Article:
Whether it’s a painting, photograph, or hand-painted ceramic tchotchke from your Aunt Vera, most everyone has one piece of art that truly resonates with them. We’re putting out the call to ask, “What’s your favorite piece of art?”
First up, Kansas City Artist Coalition’s executive director Marissa Starke, a pro who’s surrounded by creatives 24/7. She found it difficult narrowing down her choices. “This was far more challenging than I had expected,” she quips.
She chose an untitled piece by the artist Michelle Julmisse. The 2019 mixed-media work is a conversation piece.
What’s the appeal/allure of the artwork to you?
This is one of those works (like most art) that you have to see in person to truly appreciate all the fine details. The various textures and techniques can only truly be appreciated in person.
The nuances require up-close viewing so that you can appreciate the traditional imagery of a Madonna image on a non-traditional skateboard deck or the traditional painting techniques pushing against the tears of hot glue running down the figure’s face. The subtleties of the art and artistry makes this piece one that you can sit with in contemplation for years on end.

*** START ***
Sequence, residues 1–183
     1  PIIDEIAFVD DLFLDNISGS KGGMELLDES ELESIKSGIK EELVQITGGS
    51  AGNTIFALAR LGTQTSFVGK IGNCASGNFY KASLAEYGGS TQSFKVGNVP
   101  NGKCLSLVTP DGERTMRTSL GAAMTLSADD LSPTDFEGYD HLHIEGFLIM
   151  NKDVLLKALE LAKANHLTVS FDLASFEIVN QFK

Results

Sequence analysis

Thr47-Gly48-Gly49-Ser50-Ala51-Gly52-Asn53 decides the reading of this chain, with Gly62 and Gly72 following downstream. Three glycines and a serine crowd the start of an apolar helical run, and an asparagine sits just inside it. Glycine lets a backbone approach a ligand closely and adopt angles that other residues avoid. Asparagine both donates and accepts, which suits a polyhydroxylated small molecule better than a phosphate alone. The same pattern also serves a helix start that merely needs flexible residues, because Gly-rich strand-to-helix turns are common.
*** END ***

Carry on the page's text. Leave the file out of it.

Is there a backstory to the artwork?
Michelle and her art were introduced to me through the Kansas City Artists Coalition’s 2019 Art Auction. She had graciously donated this piece to the auction, and when I saw it, I knew it was one that I would be bidding on. Throughout the evening there was a great deal of interest in the piece, and I was nervous that I was not going to be the successful bidder. But after some fierce bidding, I had the pleasure of adding one of her original pieces to my personal collection of local artists.
What caught your eye?
The first thing that drew me to this piece is the traditional image of the Madonna figure. Throughout history, we have known this image as a white-centered image. Michelle’s choice to present the iconic image from her viewpoint, her perspective, and in a more historically accurate fashion drew me in to this piece.
Her replacement of the white Madonna figure with a black Madonna is something that I hope to see more in the art world in galleries, museums, and art history books as we move forward. It’s beyond time for black and brown voices and faces to be front and center in spaces that have for far too long been white-centered.